Identification is relatively straightforward, although some hybrid duck combinations are known to produce birds with a superficial resemblance to Baikal Teal. Sibley (June 1994, Birding) discussed hybrid ducks (neither parent being a Baikal Teal) that can look like Baikal Teal. Click here for discussion on the ID Frontiers mailing list regarding such hybrids. An example of such a misidentified hybrid, is a claimed Baikal Teal from the Cayman Islands photographed here. This bird is clearly a hybrid involving Northern Pintail and some other species. 'Hybrid Ducks' by Eric & Barry Gillham has several photographs of drake hybrids, involving Green-winged Teal, Northern Shoveler, both wigeons, Falcated Duck, Northern Pintail and Gadwall in various combinations, showing this 'bimaculated' pattern, which may be an ancestral trait. Similar birds have also been seen in the field in Europe and in California. Nevertheless, the combination of head pattern on this bird, combined with the long scapulars and body plumage is typical of true Baikal Teal. I see no evidence of hybrid origin for this individual.

Recent genetic studies by Johnson and Sorenson indicate that Baikal Teal is not closely related to any other Anas species (The Auk 116:792-805, 1999). King (Birding World 12:344, 1999) noted that Anas hybrids often show Baikal-like facial patterns, and speculated that this may be a reappearance of characters that are ancestral to the whole dabbling duck tribe.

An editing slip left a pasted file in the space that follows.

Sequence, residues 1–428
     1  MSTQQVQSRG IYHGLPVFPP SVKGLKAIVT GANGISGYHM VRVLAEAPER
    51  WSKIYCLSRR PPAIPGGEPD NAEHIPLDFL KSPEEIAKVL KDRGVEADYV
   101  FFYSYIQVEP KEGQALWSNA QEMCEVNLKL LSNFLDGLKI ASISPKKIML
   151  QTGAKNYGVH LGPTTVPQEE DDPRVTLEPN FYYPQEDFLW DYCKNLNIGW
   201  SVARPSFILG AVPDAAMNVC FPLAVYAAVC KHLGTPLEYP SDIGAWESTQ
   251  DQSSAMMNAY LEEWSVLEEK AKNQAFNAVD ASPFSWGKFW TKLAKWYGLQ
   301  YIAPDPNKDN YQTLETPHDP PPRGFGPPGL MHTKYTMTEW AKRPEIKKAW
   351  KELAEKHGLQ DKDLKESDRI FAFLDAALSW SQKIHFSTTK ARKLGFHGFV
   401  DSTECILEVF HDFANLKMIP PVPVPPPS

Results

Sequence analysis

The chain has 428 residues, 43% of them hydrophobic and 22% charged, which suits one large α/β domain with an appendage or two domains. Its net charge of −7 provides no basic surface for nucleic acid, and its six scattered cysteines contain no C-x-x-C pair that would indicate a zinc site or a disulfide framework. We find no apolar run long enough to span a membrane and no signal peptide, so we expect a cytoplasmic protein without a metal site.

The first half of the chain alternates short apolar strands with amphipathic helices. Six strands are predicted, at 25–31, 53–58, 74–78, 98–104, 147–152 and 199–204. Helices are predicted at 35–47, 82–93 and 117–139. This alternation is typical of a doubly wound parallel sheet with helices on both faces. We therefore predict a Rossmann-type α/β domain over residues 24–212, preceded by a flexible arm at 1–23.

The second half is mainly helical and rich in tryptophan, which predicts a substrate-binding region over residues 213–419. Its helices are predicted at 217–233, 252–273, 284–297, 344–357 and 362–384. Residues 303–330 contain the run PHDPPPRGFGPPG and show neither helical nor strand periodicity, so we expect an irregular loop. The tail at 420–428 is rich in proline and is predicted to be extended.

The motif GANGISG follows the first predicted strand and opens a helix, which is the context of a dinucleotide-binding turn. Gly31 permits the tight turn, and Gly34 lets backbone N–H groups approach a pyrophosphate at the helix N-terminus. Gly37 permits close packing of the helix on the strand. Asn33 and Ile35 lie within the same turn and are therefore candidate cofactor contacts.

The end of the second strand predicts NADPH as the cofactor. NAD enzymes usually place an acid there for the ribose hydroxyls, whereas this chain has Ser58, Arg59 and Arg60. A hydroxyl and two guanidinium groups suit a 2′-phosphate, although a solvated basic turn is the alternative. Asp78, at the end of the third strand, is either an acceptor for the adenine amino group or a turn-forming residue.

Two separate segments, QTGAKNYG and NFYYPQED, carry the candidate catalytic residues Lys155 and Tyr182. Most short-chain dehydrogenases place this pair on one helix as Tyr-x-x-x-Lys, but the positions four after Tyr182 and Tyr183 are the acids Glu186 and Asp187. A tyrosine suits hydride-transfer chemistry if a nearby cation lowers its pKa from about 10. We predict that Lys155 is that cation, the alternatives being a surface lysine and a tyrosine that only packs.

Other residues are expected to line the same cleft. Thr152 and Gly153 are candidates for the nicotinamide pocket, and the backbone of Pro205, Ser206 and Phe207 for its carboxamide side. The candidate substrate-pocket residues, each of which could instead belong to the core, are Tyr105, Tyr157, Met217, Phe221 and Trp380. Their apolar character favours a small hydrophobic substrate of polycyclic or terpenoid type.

The bird's plumage has been a matter of discussion. The bird is clearly a male, but it has more brown on the scapulars than would be expected of a full adult. Also the white shoulder stripe is incomplete, the supercilium is buffy instead of white, and the white trim along the lower border of the green face patch found in fully adult males is not evident. These features may be due to retained juvenal plumage or retained "eclipse" plumage. In this species, some juvenal plumage feathers are known to persist until the following summer (Madge & Burn 1988), while adults usually attain full plumage by late fall (Palmer 1976). Thus I think it is likely that this is a hatching year bird.

There are five previously accepted records of Baikal Teal in California, all specimens:

BAIKAL TEAL   Anas formosa   (6,5,1,0)


1. 29 Dec 46	Niland IMP	107-1983-8 (#MVZ)
2. 12 Jan 74	Riverside RIV	108-1983-8 (#SBCM)
3. 27 Nov 74	Honey L. LAS	109-1983-8 (#HSU)
4.  4 Jan 75	Gray Lodge BUT	110-1983-8 (#HSU)
5. 14 Oct 87	Tule L. NWR SIS/MOD                175-1988-13 (#private)

Not Accepted, natural occurrence questionable

13 Dec 31	Brentwood CC	106-1983-10,14 (#MVZ)

Records from Colorado, Oklahoma, Louisiana, Ohio, Pennsylvania, New Jersey, North Carolina, and Ontario are usually regarded as escaped captives (AOU 1998, ABA 2002), although the natural provinence of some of these records has been argued. Records from Alaska, British Columbia, Washington and Oregon are usually considered natural. The natural occurrence of records from Europe is difficult to assess.

Because of over-hunting and pesticides, the Baikal Teal underwent a serious population decline in past decades. By the 1980's Baikal Teal populations had plummeted to a total world world population estimated to be only 20,000 birds. However, recent conservation efforts have been extremely successful and upwards of 400,000 Baikal Teal now winter in Korea alone. More details of this comeback can be found at the BirdsKorea web site. The Baikal Teal is now Korea's most common duck and I think its recent recovery greatly increases the odds of finding stray wild birds in North America or Europe.

Updates, additions and corrections

13 December

14 December

15 December

16 December

17 December

18-23 December

21 December

24 December 2005 - 8 January 2006

9 January 2006

10 January 2006 - present